The completion of the Dakota pipeline marks another sad chapter in America’s history. If we listen closely to the pipeline and the events around it, we can learn a great deal about our government and Donald Trump.

The pipeline builder was Energy Transfer Partners, a Texas-based energy company. They built an 1100-mile pipeline to move crude oil from North Dakota through South Dakota and Iowa into Illinois. They estimated it would move nearly a half million barrels of crude oil a day. The company said no damage would be done to surrounding water sources or lands.

The pipeline was opposed by the Standing Rock Sioux, whose land is only about a half mile away from the pipeline. The tribe gets their water from a reservoir off the Missouri River along the pipeline route.

When the tribe sued to stop the pipeline they said, “The pipeline threatens our sacred lands and the health of 17 million people who rely on the Missouri River for water. They also claimed construction would destroy burial grounds that are “of enormous cultural importance to the tribe.” How would we like for some company to build a large pipeline across our family cemetery?

The pipeline says, “America’s new president Donald Trump is not an honorable man.” Honorable men keep their word and they don’t lie. He promised the country he would keep his business interests and his work as president separate, implying that he would not use the office of the president for personal gain. All the while, he was a $100 million investor and partner with the pipeline developers and stands to make several million dollars on the deal.

One of his first acts as president was to sign an executive order which removed all obstacles to the pipeline’s completion. No wonder he smiled while holding up the signed executive order for photographers.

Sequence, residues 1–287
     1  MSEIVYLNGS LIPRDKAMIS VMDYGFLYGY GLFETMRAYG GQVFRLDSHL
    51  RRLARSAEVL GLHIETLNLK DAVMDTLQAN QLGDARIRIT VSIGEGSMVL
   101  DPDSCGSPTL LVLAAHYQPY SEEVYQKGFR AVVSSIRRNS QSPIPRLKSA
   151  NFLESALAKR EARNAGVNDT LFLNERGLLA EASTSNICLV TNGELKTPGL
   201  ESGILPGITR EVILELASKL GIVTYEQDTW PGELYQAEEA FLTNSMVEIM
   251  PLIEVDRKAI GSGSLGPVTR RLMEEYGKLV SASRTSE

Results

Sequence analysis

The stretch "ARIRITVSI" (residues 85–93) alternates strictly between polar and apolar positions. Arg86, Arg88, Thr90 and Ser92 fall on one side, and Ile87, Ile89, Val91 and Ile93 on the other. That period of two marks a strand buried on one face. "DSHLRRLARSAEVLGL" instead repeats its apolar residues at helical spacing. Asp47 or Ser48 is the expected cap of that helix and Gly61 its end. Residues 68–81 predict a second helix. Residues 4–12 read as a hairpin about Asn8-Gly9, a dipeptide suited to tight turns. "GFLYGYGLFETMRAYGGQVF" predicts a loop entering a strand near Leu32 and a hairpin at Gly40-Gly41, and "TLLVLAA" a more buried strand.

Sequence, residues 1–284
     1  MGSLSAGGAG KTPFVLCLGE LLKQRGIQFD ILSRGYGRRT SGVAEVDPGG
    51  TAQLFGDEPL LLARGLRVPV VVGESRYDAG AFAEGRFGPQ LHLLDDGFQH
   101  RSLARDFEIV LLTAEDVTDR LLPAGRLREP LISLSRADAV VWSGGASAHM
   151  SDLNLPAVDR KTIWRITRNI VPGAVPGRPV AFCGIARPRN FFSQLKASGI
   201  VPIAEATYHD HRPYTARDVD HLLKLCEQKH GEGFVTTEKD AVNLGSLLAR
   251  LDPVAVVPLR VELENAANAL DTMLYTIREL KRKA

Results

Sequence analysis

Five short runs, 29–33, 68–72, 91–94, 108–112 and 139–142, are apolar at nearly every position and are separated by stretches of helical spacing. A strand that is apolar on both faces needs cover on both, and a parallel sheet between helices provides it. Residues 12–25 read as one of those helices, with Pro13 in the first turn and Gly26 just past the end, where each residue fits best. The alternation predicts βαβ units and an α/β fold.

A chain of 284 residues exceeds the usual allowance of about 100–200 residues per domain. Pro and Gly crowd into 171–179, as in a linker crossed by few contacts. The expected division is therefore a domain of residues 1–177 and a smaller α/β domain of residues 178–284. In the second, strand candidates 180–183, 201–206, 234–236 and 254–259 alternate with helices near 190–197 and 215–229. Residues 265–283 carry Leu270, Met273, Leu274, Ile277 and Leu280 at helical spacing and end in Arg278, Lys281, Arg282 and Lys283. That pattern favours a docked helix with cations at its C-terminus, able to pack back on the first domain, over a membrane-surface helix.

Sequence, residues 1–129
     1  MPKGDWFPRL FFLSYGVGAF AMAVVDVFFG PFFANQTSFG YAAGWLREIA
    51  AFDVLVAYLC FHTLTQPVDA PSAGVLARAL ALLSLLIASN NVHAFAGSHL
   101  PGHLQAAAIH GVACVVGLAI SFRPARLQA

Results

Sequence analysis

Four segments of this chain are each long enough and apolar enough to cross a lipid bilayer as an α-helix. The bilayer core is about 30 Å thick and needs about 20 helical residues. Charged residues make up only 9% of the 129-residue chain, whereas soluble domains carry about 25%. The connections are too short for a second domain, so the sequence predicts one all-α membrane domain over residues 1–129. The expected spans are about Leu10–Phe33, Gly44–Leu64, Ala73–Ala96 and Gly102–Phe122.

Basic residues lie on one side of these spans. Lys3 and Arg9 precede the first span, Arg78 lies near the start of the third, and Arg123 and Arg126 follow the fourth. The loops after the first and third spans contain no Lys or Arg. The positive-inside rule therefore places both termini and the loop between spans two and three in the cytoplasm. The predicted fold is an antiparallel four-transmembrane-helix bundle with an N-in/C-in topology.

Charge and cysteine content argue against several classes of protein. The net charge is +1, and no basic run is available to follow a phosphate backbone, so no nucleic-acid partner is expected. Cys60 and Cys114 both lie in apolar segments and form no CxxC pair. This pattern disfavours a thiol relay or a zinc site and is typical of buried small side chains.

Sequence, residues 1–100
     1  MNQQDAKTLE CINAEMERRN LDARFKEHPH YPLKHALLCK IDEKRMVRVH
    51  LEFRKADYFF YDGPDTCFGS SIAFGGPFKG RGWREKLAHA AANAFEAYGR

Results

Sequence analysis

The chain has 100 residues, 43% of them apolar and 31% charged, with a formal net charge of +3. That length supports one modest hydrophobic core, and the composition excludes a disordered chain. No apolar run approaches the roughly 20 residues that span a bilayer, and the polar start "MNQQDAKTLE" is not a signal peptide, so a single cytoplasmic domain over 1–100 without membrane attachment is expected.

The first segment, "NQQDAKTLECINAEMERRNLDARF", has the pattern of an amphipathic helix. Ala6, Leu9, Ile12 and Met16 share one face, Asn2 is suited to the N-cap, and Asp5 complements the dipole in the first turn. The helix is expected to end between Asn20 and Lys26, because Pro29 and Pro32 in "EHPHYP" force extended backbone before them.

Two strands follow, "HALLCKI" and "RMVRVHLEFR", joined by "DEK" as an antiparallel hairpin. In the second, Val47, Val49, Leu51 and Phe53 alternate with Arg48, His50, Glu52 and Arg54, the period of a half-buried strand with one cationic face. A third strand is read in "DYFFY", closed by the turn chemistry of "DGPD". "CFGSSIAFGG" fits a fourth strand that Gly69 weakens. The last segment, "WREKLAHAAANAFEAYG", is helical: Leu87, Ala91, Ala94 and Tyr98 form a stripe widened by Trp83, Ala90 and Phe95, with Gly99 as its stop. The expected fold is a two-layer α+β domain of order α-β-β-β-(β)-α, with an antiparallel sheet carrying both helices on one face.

The pipeline says, “When it comes to big money, people don’t matter much.” There were hundreds, maybe even thousands, who came to protest the pipeline. On one Wednesday, over 1.6 million had checked in via Facebook to show their support.

Protesters from the Standing Rock Sioux were joined by many other tribes and many non-Native American friends. Many solidarity demonstrations were held throughout the world. High profile supporters included Senator Bernie Sanders, actor Mark Ruffro, and actress Shailene Woodley. Reporter Amy Goodman and documentary filmmaker Dia Schosberg were arrested for documenting the demonstrations. People showed who and what they supported but in the end, it didn’t matter much.

The pipeline says, “The people had good reasons to demonstrate.” There have been a rising number of pipeline accidents in recent years. Doug Hayes, an attorney at the Sierra Club said, “These are the types of concerns the tribes have, and they’re frankly very well-founded. That’s why the pipeline’s original route which passed near Bismarck, the state’s capital, was changed.

North Dakota officials estimate more than 176,000 gallons of crude oil leaked into the Ash Coulee Creek, about 150 miles from the Dakota Access pipeline protest camps on December 5, 2017. True Cos operates at least three pipeline companies in three states. According to their reports submitted to the federal government, they have had 36 spills totaling 320,000 gallons, most of which have never been recovered.

It is commendable that so many people stood up for our native American friends for clean water, and a clean environment. Their courage cost them. They were attacked by police dogs, maced, and even jailed. They were forced to camp outdoors for weeks in bitter cold, snowy weather. But their suffering was not in vain. They made their point. They stood for the right. Our hope and prayer should be for more like them.